There also arose a serious intellectual challenge to serial music: Fred Lerdahl and Ray Jackindoff published a book entitled A Generative Theory of Tonal Music, based on the linguistic theories of Chomsky. They argued, essentially, that the mind understands music using certain assumptions about structure, a kind of expectation of musical grammar, and that music which undermines those expectations, or which cannot be interpreted according to those rules, is heard as nonsense or noise. The theory asserted that human beings have certain cognitive constraints in their interpretation of music, and that, furthermore, “the technical premises of serial composition are…not available to cognition.” If the theory of Lerdahl and Jackindoff is correct, then
Music structured nonhierarchically is implicitly reduced to a kind of nonlinguistic or prelinguistic communication — grunts, sign language, or otherwise rudimentary conveyance of primitive needs and moods, if that. Whatever the complexity of its structural organization (discoverable from the score), its level of aural communication is drastically coarsened and blunted.
This upended things nicely: rather than being at the cutting-edge of sophistication, serial music was compared to brute noise. By these lights, large swaths of twentieth-century music began to look like tragicomedy — or, since I am smiling, maybe just like comedy.
In his final chapter Taruskin steps back a little to consider three principal strands of elite music-making vying for dominance at the close of the twentieth century (and, it is fair to say, at the beginning of the twenty-first). There are, on one hand — though, since I am about to describe three things, it is a blunder to begin by counting hands — there are the traditional modernists, more or less following the channels carved out by the pioneering modernists of the early twentieth century. This group is plausibly dominated by serialists, and they are committed not only to maintaining the literate tradition of musical composition but also, in the work of composers like Farneyhough and Finnissy, to pushing that tradition to new extremes of complexity and virtuosity. In their own way, they continue the pursuit of ‘maximalism’ that has been so central to the last few hundred years of Western music. At the other end of the spectrum is a group that has grown up out of the early experiments with electronic music. The new computer technologies, which have made possible a practical, experiential approach to music-making that incorporates sampling, randomness, and experimentation with unusual (synthetic) timbres has the potential, in Taruskin’s eyes, to depart from the literate tradition altogether, and perhaps to undermine it as well. Too bad the music is so terrible. A parallel tradition of performance art, which typically never assumes a written form, also fits into this stream of “non-literate” music. Finally, there are a small elite of commercially successful composers who cater to an upper- and upper-middle-class audience. These composers have returned to the idea that pleasing an audience is a legitimate goal. The hazard here, however, is that the limitations of the audience limit the music. Taruskin recalls, for instance, that the millenium’s end was marked by high profile commissions of new Passion narratives, one for each of the four Gospels, and he notes that the results were, to a significant degree, basically multicultural mish-mashes. Why was that? He points to the need to please the “bourgeois bohemians” (and he draws explicitly on David Brooks’ theory about “Bobos”) who dominate the audience.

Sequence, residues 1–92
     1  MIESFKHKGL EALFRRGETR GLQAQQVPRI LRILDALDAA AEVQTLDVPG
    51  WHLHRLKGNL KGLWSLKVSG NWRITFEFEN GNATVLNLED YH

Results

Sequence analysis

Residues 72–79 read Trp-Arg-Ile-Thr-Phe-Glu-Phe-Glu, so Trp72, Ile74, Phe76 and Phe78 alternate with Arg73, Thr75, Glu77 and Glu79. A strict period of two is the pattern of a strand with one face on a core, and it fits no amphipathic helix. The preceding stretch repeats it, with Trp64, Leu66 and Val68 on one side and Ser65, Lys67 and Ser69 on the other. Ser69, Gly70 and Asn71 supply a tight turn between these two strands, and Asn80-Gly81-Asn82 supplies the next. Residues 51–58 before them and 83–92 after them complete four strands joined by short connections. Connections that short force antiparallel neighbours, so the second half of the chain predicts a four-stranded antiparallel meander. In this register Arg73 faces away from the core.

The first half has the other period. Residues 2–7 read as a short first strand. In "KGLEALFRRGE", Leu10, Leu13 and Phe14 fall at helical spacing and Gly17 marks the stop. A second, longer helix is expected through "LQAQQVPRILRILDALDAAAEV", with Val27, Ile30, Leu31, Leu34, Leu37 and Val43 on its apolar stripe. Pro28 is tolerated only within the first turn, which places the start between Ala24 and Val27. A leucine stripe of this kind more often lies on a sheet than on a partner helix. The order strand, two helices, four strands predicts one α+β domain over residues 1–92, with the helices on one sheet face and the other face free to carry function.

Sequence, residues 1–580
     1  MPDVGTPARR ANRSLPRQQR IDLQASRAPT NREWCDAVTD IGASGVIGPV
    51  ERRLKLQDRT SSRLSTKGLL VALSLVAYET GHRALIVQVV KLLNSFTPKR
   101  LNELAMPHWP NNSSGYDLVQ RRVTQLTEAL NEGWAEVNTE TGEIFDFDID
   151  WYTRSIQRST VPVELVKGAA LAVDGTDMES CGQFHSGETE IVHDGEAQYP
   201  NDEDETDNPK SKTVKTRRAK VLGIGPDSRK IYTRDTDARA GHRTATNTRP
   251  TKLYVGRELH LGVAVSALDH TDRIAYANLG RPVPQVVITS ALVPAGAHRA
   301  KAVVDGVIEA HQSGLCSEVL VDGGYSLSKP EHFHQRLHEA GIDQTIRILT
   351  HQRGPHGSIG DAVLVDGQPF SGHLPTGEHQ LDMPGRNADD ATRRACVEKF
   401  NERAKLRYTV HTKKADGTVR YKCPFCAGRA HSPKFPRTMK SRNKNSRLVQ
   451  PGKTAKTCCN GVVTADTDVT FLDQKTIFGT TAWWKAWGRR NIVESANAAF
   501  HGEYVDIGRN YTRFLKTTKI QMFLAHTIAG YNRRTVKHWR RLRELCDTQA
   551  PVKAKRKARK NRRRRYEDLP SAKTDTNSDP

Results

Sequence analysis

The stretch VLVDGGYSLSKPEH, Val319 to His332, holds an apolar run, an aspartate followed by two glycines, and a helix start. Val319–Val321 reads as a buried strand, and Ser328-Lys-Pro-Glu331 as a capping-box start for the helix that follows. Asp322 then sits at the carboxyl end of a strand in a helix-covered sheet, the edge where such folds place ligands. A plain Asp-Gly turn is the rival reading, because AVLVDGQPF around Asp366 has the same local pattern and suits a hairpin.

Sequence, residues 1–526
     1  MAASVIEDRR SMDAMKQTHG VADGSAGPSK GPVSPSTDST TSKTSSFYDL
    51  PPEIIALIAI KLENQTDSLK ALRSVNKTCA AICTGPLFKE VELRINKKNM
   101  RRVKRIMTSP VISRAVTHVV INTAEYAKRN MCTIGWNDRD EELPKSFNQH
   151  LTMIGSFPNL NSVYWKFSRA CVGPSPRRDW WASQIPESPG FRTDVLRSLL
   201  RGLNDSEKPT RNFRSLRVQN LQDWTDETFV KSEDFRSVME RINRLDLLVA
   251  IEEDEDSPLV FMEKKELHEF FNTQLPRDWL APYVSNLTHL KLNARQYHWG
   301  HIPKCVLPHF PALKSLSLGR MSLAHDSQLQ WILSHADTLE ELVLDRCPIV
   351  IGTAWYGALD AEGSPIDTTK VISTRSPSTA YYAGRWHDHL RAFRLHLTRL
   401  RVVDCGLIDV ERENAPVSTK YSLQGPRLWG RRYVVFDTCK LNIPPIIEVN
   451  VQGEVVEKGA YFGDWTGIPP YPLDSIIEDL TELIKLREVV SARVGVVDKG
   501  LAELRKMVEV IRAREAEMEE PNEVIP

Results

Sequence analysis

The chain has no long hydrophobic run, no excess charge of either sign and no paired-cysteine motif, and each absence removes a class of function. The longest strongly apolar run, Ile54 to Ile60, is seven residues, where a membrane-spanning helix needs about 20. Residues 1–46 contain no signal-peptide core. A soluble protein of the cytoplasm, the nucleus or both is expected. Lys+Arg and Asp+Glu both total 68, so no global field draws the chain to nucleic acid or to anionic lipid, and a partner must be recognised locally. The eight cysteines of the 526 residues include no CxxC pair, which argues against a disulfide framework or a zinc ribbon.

That isn’t an exhaustive taxonomy, but it does capture prominent features of the landscape. Each of these groups has something going for it — well, except for the second — and nobody knows how it will turn out. Or, to quote the closing sentences of the book:
The future is anybody’s guess. Our story ends, as it must, in the middle of things.
That’s nicely said.
Whenever someone finishes reading a 4000 page book, I think it is acceptable for them to recline with a glowing sense of accomplishment; I am reclining now, and I am glowing. I’ve sung the praises of individual volumes in this set before, and I won’t belabour the point here. Taruskin is one of the world’s foremost musicologists, and, it is fair to say, this is now the principal history of Western music for a general audience; it is hard to think of who could write another of comparable scope to challenge it. No doubt I have been but a middling pupil; I nonetheless know that I have learned much, and I have been greatly enriched in the process. Richard Taruskin has put music lovers in his debt, and I, for one, thank him.
A little something to celebrate:
Notes on previous volumes: